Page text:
Regatta - Power
Regatta - Sail
by P/C Bob Dupar, Club Historian
Like many of the Northwest yacht clubs, Meydenbauer Bay Yacht Club had to
struggle to get established. Our
struggle did not begin until after World War II. During the war years, fuel was rationed and boating was severely
curtailed because of the war effort. There
were defense installations and industries around Lake Washington, such as the
Sand Point Naval Air Station, the Renton industrial complex and the Houghton
Shipyards, so all civilian boat traffic was strictly monitored. All boat operators had to be registered with the Coast Guard
and carry a photo ID card. Everyone had to be off the lake at sundown.
But with the conclusion of the war,
yachtsmen and women were anxious to take their boats out and enjoy the
challenges and relaxation of sailing and cruising again. The Eastside was just starting
to grow into a major suburb of Seattle. Moorage facilities were basically confined to the
docks in ones front yard. But with the demand for
inexpensive moorage, came the idea of establishing a new yacht club on
A group of Eastside residents started
talking up the idea of a new yacht club in the coffee houses and watering
troughs of Bellevue. Marc Lagen,
Frank Armstead, Burt Marshall, Gilbert Skinner, Thomas Bannon, Gail Williams and
Dwight Hartman formed the nucleus of the new club.
Marc Lagens family was the owner of the American Pacific Whaling
Company whose headquarters were located on Meydenbauer Bay.
Mr. Schoupp, President of the company, had purchased the adjoining
property, the Wildwood Park Dance Hall. He
was converting the dance hall into his manor house when he unexpectedly died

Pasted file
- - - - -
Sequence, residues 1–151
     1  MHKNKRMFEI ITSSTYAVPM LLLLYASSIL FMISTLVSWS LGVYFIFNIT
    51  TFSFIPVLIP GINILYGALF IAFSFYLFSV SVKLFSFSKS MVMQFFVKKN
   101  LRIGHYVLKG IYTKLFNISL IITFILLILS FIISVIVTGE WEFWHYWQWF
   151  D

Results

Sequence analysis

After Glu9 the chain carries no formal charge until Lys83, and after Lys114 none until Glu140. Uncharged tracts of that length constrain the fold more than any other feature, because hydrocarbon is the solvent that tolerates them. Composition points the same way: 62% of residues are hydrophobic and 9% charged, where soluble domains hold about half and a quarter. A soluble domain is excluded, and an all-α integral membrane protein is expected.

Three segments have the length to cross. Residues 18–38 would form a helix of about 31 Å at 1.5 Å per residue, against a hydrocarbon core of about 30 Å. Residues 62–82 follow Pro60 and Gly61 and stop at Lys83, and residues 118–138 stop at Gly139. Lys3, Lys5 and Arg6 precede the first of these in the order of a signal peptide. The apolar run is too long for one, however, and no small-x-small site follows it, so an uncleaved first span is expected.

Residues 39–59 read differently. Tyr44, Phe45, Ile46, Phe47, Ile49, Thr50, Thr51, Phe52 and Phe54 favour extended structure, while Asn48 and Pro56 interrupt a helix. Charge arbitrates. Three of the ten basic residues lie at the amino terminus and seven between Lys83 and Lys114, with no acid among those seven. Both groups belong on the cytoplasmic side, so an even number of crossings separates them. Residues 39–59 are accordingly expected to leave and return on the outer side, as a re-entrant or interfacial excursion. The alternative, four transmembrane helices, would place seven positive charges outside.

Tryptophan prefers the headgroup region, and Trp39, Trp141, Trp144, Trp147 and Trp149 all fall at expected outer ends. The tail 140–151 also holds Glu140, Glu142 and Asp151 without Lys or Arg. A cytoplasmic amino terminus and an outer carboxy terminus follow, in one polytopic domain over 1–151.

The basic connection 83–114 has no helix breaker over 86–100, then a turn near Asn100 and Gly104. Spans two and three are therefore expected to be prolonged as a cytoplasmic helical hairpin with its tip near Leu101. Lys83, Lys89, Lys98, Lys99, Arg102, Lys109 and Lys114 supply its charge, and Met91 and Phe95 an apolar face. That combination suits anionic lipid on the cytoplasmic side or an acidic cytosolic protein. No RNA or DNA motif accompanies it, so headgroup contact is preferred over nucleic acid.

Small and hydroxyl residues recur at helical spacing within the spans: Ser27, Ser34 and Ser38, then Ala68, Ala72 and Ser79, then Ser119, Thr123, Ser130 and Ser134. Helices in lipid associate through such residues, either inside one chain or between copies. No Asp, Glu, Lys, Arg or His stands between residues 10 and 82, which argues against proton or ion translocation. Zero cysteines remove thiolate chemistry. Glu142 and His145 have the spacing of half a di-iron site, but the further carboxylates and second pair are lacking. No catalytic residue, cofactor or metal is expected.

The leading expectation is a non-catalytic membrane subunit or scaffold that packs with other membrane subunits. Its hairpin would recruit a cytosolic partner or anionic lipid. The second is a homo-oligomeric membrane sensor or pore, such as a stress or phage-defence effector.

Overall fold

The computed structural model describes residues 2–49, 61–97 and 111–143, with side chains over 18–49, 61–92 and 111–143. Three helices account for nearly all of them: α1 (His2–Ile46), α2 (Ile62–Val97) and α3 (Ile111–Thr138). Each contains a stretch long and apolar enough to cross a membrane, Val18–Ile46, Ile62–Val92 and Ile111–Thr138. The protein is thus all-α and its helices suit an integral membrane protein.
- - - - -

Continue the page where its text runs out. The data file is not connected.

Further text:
with the building still in a rough frame condition.
The new yacht club group obtained an option to buy the unfinished
The Meydenbauer Bay Yacht Club was
incorporated on June 26, 1946 and one of the fledgling clubs first actions
was to obtain a mortgage and buy the 400-foot by 600-foot waterfront parcel for
$44,000. They garnered a great deal of enthusiasm and membership grew to near 100.
But they were a bit before their time.
The Office of Price Administration informed them they could not remodel
and complete the clubhouse because of building priorities. The Nation needed schools, hospitals,
roads, etc. Yacht clubs did not rate very high on the priority list.
Membership dwindled and the founders had to make the mortgage
payments out of their own pockets, with no relief on the horizon. It was
1952, six years later before any materials could be purchased for the clubhouse.
During these early years, the small core group of sailors improvised with scrounged
materials to build some primitive docks and try to make the clubhouse halfway
usable. The upper floor did allow room for the sail boaters to swing their
masts by a boom attached to one of the tall firs, into the attic space where
the masts could be refinished.
MBYC was known as the do it yourself club, a name
we still consider ourselves today. With limited funds and a can do
spirit, the membership pulled itself up by its bootstraps, pouring a concrete
floor, installing heads, paneling, painting, laying tile and enlarging the moorage. They
had to clear the brambles and blackberry vines from the lower parking lot, so
that it could be paved. They installed water and power to the docks and
informally dredged the silt from beneath the slips by prop wash.
A new addition was made to the clubhouse, providing indoor
stairs to the second floor and a grand porte co-chere. Mr. Schoupps
garage was converted into a Managers Cottage. Since the early fifties,
the clubhouse has been remodeled and expanded several times to the grand facility
it is today.
MBYC entered the racing competition around the Sound with a
vengeance. They became members of the International Power Boat Association
and the Interclub boating organization. As our members went further and
further from our homeport, we developed a demand for outstations where we could
come ashore. The first outstation was established at Port Ludlow and has
been developed into a very enviable facility. This first outstation was
purchased for $17,000 back in the mid-sixties. Another outstation was established
in Eagle Harbor (Winslow) in the mid-eighties. In recent years outstations
have been acquired in Friday Harbor, Deer Harbor, Gig Harbor and Ganges (B.C.)
and we are still looking for attractive sites to lease, or purchase.
Copyright © 1998 - 2014 Meydenbauer Bay Yacht Club. All rights reserved.